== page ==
Gear I was trying out for the first time yesterday at Ambush Adventures The Billet site:
-Custom Blue Force Gear, Inc./Magpul Industries Corp. 1-to-2 point sling:
I’ve been using setups like this that I’ve made myself for years, but yesterday was the first time using it with QDs instead of Paraclips. The rotation-limited QD sockets that the MS4 adaptor and ALG rail have built in are good once you get things set the way you like, but you can’t realistically see where the segments and dividers are within the socket (without taking undue time clipping in) and sometimes you end up having to go back and mess with the attachment. Regular QD sling swivels are also a pain to manipulate compared to clips or hooks, which is why Magpul and BFG make their own versions with better control mechanisms.
-Crye G3 All-Weather Combat Shirt:
Thicker in the torso than the regular G3 shirt, giving just that little bit more insulation and still a decent drying time. Unfortunately the wind will still go right through the torso and it definitely was doing that yesterday in a biting fashion, but the unlined softshell on the sleeves and yoke cuts out any wind and still breathes very well indeed.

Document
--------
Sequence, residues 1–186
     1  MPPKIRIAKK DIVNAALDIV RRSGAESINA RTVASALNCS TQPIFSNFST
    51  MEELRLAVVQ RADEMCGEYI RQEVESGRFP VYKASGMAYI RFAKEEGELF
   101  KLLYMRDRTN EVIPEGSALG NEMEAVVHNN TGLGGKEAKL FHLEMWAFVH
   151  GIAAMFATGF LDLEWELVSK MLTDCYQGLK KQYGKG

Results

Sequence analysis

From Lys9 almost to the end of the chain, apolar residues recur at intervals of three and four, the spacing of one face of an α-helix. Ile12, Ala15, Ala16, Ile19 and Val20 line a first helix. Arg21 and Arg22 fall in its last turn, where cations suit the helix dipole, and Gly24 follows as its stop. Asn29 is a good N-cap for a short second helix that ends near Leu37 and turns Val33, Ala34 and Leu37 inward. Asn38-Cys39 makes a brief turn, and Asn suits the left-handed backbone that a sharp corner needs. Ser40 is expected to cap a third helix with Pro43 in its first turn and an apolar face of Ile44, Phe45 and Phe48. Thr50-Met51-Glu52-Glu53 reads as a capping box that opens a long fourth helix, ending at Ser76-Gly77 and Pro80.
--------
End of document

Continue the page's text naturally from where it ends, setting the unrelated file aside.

–SKD Tactical/Patrol Incident Gear [PIG GEAR] FDT Deltas:
I’ll be replacing at least a couple of pairs of my Alphas with these, if not most of them. All the same brilliant fitment and dexterity without the bloody annoying velcro tab to get them on and off every time where the hook part of the 2nd glove you put on always ends up eating some small part of the 1st glove. The Pig silicone letters peel off very easily but that’s always been the way with small grip additions like that on glove palms and fingers; be better if they knocked a few $ off the price and just never put those adornments on in the first place.
– ALG Defense EMR V2 M-LOK Handguard: